Writer-director-editor Anthony Orkin is a Portland, Oregon-based filmmaker. His first feature, Personal Sergeant, was distributed by Marvista Entertainment. In this piece, he shares what he learned shooting his second feature, Hello From Nowhere.
When I told my wife I wanted to make my second feature, she wisely challenged me to write the cheapest feature I could.
“I’ll have a small cast,” I said to myself, “five people. And I’ll set it in the woods! We’re in Oregon. Oregon has lots of woods, so that should be cheap, right?”
What was I thinking?
After reading the script for my farce/thriller Hello From Nowhere, my producers — Lara Cuddy, Alyssa Roehrenbeck and Todd Robinson — gently introduced me to the logistical and budgetary realities of feature filmmaking in the Great Outdoors. Here are some tips I learned from them, and from the shoot itself, when we made Hello From Nowhere on the slopes of Mount Hood.
1. Don’t Shoot in the Woods. Shoot next to the woods. I started out wanting to make a Dogme 95 film, where we all slept in tents and shot with natural light. Then we did the location scout, and I became familiar with the pleasures of a pit toilet. Some sacrifices are too great.
2. Don’t Shoot Near a Town. There are trees, right? And bathrooms! How many trees do you really need? Our D.P., Phil Anderson, pointed out that half our scenes could have been shot with the greenery in a grocery store parking lot. But the problem is sound: cars, planes, pedestrians. We scouted more than two dozen lakes, and the more accessible they were, the louder they were. So unless you’re making a silent movie…
3. Shoot in a Resort or a Camp. Some place with acres and acres of private property, which means you won’t have any elk hunters tromping through your shot. Plus you’ll have a restaurant-size kitchen, hot water, beds, etc. We scoured Oregon’s Google Maps, and discovered Camp Baldwin, a Boy Scout camp on Mount Hood. It was the sweet spot: remote enough to look and sound wild, yet just close enough to civilization for one modem to work. Every day, after shooting, folks would crowd into the office and check their phones. It got very cozy in there.
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4. Rent Just Slightly Off-Season. Spring or fall, usually — right before school lets out, or right after. Too far outside those dates, and you’ll run into bad weather. You want to shoot in that brief interval between the summer/winter vacation crowds (when you’ll never be able to afford your location) and the rain. This means planning! We picked our camp in August, then shot in September, thirteen months later. This way, we were able to scout our location in roughly the same season we shot. We got great fall colors in September, by the way.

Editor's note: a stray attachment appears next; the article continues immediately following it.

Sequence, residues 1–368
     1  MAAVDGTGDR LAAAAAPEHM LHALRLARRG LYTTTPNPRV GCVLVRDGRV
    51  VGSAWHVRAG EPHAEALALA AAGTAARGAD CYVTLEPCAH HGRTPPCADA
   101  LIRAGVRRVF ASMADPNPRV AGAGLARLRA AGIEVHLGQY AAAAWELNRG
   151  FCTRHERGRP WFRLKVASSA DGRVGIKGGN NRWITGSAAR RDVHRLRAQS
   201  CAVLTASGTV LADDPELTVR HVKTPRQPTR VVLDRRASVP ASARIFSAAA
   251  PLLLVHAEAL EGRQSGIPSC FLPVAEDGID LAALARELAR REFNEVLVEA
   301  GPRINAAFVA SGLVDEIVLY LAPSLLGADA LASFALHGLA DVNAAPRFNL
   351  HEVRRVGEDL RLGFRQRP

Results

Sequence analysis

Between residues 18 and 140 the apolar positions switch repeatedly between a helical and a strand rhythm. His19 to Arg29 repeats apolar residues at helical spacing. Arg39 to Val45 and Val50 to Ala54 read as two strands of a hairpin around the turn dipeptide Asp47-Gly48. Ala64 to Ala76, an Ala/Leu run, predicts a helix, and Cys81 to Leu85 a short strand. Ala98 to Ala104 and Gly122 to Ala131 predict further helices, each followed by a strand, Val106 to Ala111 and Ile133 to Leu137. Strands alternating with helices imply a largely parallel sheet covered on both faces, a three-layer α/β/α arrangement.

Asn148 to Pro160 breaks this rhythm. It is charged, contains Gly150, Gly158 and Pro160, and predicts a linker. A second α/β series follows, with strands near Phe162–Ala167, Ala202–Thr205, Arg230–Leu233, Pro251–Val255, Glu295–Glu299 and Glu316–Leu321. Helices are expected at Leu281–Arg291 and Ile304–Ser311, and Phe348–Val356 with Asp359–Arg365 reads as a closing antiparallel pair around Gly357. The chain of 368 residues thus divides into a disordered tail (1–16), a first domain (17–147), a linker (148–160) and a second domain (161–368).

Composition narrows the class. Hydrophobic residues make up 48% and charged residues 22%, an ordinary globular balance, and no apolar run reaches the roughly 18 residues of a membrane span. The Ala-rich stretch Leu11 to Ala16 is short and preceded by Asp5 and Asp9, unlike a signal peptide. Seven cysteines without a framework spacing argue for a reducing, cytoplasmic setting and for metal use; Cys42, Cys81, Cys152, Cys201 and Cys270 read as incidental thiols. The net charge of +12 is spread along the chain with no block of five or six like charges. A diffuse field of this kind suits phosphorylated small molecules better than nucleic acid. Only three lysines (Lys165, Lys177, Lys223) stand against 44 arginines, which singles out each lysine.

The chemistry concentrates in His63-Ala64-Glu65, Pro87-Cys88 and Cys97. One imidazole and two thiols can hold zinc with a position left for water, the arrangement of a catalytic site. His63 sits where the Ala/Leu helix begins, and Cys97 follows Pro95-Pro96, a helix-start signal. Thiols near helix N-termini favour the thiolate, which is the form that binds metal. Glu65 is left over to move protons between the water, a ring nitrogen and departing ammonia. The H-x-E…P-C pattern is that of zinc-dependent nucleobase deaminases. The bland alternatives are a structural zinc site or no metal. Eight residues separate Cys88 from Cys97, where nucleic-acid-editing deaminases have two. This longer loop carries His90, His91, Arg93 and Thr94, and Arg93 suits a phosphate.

5. Minimize the Hump. So now you’ve got this beautiful outdoor location. It’s got peaks, gullies, meadows, a cornucopia of beautiful vistas. How many of them are within fifty feet of a road? It can be a gravel road, but it can’t be so pitted that a gear truck can’t get up there. And once the gear truck is parked, about a thousand pounds of gear will have to be humped through the grass/trees/rocks to this pretty spot you’ve picked out. And your crew will be looking at you, dagger-eyed. Ansel Adams did his greatest work by the side of the road; do yours there, too.
6. Prepare for Weather. In the whole two weeks we shot, we got one night of rain. The crew just put on their ponchos and kept going like it wasn’t even there. A plastic tarp appeared over my head. Oregon crews know how to handle rain. Same thing with heat; it got down to the forties at night, and we had about six nights of dusk-to-dawn shooting. Out would come Mr. Heater, and we’d crowd around it between takes, and drink hot tea. Cozy, once again.
7. Bring Extra Craft Services. No matter how comfortable you make things, outdoor filmmaking is harder work than indoor. If you’re at high altitude, that burns extra calories, so the normal crafty isn’t enough. You’ll need extra power bars, bagels, water, and of course caffeine. Our P.A., Pete Fitz, was a beast of burden, hauling his wagon of goodies up narrow hiking trails. Thanks, Pete!
8. Consider Post-Production Fixes. Got an outhouse in the corner of your scenic vista? Take it out in post. Can’t afford enough lights for your night shots? Shoot at twilight, then color it night in post. Hello From Nowhere isn’t science fiction, yet it has thirty-two effects shots. That was me, in After Effects, for several months, folks. Then my master colorist, Chris Hackett, spent many more months adding masks and adjustments, to get the smooth day-to-night transition the script required.
9. Embrace the Cutting Edge. You’ll be using literally tons of equipment in a rugged, inaccessible place. Production equipment is constantly evolving, so you need to find the latest, most miniaturized version of everything. In the words of our D.P., Hello From Nowhere “experimented with using large battery stations from Lion Energy and Stanley. The stations, in combination with LED lighting, gave us the ability to shoot in the middle of the woods at night without having to run hundreds of yards of cable, in order to get traditional power-plants far enough away to keep sound happy.” And it worked! I’m just glad I didn’t know beforehand about what a chance we were taking.
10. Bring Treats. Small comforts mean so much more in the woods: Tall Pawl brought his hot sauce. Brian Mazzola brought his trumpet; during the night shoots, he’d play “Reveille” at sundown and “Taps” at dawn. There were several guitars, and jamborees by campfires, when we weren’t shooting. Singing in the woods, just like the story of Hello From Nowhere. Hmm, maybe this shoot was more Dogme than I thought.